A truss is a structure comprising one or more triangular units constructed with straight slender members whose ends are connected at joints referred to as nodes.
External forces and reactions to those forces are considered to act only at the nodes and result in forces in the members which are either tensile or compressive forces.
Different types of Trusses:
King Post Truss
- It can also be built of combination of wood and steel.
- It can be used for spans upto 8m
Queen Post Truss
- It can be used for spans upto 10m
- It is made of combination of wood and steel.
- The vertical members or tension members are made of steel.
- It can be used for spans from 6-30m.
- Pratt Truss is made of steel.
- These are less economical than the Fink Trusses.
- Vertical members are tension and diagonal members are compression.
- Fink Trusses are very economical form of roof trusses.
- It can be used for spans from 6-10m.
- It is made of steel.
- Fan trusses are form of Fink roof truss.
- In Fan Trusses, top chords are divided into small lengths in order to provide supports for purlins which would not come at joints in Fink trusses.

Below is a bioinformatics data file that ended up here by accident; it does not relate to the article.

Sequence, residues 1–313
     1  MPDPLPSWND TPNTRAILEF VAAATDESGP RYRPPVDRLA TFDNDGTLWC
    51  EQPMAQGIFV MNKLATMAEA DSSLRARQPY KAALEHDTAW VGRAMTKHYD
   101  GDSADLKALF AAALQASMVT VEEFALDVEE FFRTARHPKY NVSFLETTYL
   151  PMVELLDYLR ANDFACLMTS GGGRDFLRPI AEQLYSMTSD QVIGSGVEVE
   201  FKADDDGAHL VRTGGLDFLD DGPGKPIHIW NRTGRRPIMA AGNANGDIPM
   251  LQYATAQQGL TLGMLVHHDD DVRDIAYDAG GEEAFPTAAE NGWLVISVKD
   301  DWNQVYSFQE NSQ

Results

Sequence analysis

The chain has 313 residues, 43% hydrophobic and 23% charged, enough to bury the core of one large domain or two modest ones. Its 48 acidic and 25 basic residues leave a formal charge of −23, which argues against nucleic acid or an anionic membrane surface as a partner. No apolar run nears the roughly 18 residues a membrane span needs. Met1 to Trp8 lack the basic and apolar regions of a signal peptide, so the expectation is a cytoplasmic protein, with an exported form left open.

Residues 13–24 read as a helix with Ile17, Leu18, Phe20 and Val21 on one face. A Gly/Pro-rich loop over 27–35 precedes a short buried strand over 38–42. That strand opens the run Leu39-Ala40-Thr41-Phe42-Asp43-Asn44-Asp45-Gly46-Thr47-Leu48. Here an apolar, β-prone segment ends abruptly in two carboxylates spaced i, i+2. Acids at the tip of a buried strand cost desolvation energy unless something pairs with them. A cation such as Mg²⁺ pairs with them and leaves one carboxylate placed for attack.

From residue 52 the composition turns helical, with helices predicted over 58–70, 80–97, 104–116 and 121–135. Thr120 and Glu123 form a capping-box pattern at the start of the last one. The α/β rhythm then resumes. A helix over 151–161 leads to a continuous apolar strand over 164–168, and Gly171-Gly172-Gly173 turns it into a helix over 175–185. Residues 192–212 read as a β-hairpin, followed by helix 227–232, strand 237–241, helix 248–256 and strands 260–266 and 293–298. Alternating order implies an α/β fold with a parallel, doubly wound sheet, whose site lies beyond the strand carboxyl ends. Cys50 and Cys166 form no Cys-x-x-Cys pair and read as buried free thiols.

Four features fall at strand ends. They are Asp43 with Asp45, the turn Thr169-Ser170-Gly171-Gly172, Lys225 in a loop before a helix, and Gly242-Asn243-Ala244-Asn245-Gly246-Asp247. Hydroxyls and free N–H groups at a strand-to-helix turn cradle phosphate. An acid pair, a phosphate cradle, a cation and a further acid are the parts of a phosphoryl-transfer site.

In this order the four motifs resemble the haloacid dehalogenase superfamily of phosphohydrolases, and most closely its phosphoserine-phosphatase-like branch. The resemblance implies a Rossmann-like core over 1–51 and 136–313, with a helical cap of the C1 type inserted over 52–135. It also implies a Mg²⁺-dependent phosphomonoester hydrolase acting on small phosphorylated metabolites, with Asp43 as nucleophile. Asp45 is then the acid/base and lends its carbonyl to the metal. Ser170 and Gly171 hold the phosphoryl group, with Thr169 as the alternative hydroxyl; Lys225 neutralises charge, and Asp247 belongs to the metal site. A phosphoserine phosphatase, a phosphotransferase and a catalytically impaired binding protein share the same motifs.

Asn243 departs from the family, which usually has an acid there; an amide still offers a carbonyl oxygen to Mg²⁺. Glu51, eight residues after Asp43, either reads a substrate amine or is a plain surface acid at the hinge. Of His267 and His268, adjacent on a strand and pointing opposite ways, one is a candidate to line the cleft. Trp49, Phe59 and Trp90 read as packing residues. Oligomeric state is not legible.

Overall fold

- It can be used for spans from 10-15m.
North Light Roof Truss
- When the floor span exceeds 15m, it is generally more economical to change from a simple truss arrangement to one employing wide span lattice girders which support trusses at right angles.
- In order to light up the space satisfactorily, roof lighting has to replace or supplement, side lighting provision must also be made for ventilation form the roof.
- One of the oldest and economical methods of covering large areas is the North Light and Lattice girder.
- It can be used for spans from 20-30m.